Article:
FROM FARM to TABLED

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  • BRIAN WALKER/Press From left, Hayden Lake residents Jan Wilkins, Don Vogt and Leo Simpson discuss the English Point Heights subdivision proposal that has been withdrawn until a revised plan is submitted.

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    Residents concerned about the English Point Heights subdivision are concerned fertilizer runoff from the project will increase the presence of milfoil (in jar) in Hayden Lake. The project has been withdrawn, but a revised plan is expected to be presented later this year. In the background is Hayden Lake resident Don Vogt. (BRIAN WALKER/Press)

  • BRIAN WALKER/Press From left, Hayden Lake residents Jan Wilkins, Don Vogt and Leo Simpson discuss the English Point Heights subdivision proposal that has been withdrawn until a revised plan is submitted.

  • 1

    Residents concerned about the English Point Heights subdivision are concerned fertilizer runoff from the project will increase the presence of milfoil (in jar) in Hayden Lake. The project has been withdrawn, but a revised plan is expected to be presented later this year. In the background is Hayden Lake resident Don Vogt. (BRIAN WALKER/Press)

A proposed 155-lot "agrihood" community near Hayden Lake — the largest housing project floated to Kootenai County in at least a decade — has been withdrawn from the hearing process.

It's back to the drawing board for the 95-acre English Point Heights project at the corner of Lancaster and Hayden Lake roads after a citizens group expressed environmental and density concerns and a hearing examiner recommended that county commissioners deny the proposal.

A public hearing before the commissioners Thursday night is now canceled.

"The owners have pulled the application because they want to reconfigure the layout," said engineer Steve Syrcle, who represents sister applicants KayDee Steele and Jeneen Steele Espe.

Syrcle said preliminarily, the new layout will likely include fewer lots, but he doesn't know by how much. He said the new proposal is expected to be presented later this year.

"We'll try to accommodate a different layout that's more suitable for the surrounding area," he said. "We're excited to take a fresher look."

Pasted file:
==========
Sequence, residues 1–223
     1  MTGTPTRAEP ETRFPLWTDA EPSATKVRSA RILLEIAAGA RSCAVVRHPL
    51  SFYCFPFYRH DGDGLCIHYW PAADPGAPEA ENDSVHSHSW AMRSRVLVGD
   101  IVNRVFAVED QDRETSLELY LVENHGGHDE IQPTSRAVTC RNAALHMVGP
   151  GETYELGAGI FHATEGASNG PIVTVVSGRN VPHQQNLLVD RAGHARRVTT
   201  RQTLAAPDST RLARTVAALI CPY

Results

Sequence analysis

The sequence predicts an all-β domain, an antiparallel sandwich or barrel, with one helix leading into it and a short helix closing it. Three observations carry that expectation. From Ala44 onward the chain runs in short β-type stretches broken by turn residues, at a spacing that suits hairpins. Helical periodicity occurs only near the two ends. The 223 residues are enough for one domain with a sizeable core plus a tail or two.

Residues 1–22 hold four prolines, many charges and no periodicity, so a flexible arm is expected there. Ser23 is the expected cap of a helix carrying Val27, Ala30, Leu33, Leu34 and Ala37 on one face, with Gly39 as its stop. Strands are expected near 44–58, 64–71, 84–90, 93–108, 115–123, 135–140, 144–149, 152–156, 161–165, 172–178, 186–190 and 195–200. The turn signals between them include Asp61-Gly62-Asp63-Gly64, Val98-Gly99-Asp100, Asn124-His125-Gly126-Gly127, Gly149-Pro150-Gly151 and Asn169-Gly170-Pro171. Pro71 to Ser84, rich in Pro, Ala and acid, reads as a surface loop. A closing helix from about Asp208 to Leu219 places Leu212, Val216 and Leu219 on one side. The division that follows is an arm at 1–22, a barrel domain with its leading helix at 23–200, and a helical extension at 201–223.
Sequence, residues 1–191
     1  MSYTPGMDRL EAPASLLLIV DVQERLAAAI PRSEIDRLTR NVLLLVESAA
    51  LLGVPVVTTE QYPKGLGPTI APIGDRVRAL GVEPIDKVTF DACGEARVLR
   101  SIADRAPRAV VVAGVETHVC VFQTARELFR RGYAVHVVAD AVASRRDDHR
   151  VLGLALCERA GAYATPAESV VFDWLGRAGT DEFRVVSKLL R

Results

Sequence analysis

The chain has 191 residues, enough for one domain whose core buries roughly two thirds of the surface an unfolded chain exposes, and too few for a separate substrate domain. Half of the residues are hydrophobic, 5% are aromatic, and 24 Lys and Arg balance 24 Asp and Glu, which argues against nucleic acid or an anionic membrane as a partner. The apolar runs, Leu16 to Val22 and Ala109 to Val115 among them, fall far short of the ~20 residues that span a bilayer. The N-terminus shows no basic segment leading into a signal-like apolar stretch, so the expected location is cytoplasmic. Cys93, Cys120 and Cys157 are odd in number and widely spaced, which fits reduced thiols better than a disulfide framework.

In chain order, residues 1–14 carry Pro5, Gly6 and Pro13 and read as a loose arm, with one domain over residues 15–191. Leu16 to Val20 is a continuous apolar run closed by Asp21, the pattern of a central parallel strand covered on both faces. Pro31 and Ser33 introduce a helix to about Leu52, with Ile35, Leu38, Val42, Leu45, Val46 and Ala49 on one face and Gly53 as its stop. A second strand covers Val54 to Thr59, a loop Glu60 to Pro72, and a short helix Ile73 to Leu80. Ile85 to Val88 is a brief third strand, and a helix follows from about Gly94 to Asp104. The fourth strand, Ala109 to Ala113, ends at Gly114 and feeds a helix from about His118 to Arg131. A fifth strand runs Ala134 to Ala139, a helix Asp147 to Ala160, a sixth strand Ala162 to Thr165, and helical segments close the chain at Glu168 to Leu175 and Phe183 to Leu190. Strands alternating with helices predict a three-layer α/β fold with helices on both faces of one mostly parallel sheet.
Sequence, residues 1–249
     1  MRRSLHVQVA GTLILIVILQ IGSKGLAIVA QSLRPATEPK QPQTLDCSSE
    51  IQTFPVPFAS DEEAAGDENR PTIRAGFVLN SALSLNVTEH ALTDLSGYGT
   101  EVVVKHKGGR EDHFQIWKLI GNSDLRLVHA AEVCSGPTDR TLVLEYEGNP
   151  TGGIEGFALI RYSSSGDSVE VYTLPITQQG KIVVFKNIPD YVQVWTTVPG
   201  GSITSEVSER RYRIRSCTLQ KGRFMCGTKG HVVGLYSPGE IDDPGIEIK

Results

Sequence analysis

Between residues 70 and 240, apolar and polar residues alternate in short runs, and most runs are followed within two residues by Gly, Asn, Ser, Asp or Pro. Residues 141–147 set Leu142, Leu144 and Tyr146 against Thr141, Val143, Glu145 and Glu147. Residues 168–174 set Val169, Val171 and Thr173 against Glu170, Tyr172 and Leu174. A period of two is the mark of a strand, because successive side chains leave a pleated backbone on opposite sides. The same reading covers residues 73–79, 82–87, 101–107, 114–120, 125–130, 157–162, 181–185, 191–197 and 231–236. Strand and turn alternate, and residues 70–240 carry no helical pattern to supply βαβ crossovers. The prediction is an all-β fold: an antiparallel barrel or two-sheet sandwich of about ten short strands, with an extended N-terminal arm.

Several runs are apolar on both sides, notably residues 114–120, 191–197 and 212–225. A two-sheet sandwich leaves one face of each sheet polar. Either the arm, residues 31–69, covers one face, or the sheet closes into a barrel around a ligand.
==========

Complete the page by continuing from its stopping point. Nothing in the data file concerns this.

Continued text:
The Hayden Lake Coalition for Responsible Development, a citizens group that opposed the project, remains concerned that runoff from pesticides, herbicides, fertilizers and petroleum products in the eventual development will hurt Hayden Lake's water quality and the aquifer that is partially fed by the lake.

"Nobody wants the lake to be a disaster," said Leo Simpson, who lives near the property, is part of the group and has a degree in chemical engineering. In a meeting Monday with The Press editorial board, Simpson described himself as conservative.

Coalition member Jan Wilkins said the group believes English Point Heights is just one example of what it would like see changed with the countywide development application process. She believes more collaboration is needed between all stakeholder agencies on project proposals rather than individual agencies just commenting on their own. There also needs to be stricter development standards countywide, she said.

"Everyone says, 'There's a problem, but it's not our problem,'" she said, referring to what the group believes is finger-pointing.

Of the 95 acres, 20 was proposed to be a farm owned and maintained by the homeowners association. One of the ideas was to have a neighborhood farmers market in which residents could purchase produce from the farm.

The family of the applicants homesteaded on the property — often referred to as "Steele corner" — for more than 100 years.

"Our vision is to encompass family values and a sense of community," Jeneen told The Press earlier.

Syrcle said it's too early to say for sure whether the farm theme will be maintained.

"We still want to do that, but we're not locked in yet," he said. "It all depends on the density we end up with and whether the infrastructure costs balance out to make it a viable development."

Syrcle said he believes the proposal was sound environmentally and public agencies vetted the project.

"There are developments with the same-sized density we were proposing across the street," he said.

Coalition members said they do not oppose development altogether and realize growth is inevitable. They said the property developed into 5-acre lots would be more compatible with the surrounding uses and that would also cause less damage to the lake.

"You can't stop (development) so you have to accommodate it and address it appropriately," coalition member Don Vogt said. "I don't want to be in a constant fight, but something has to be done to channel this in a reasonable way."

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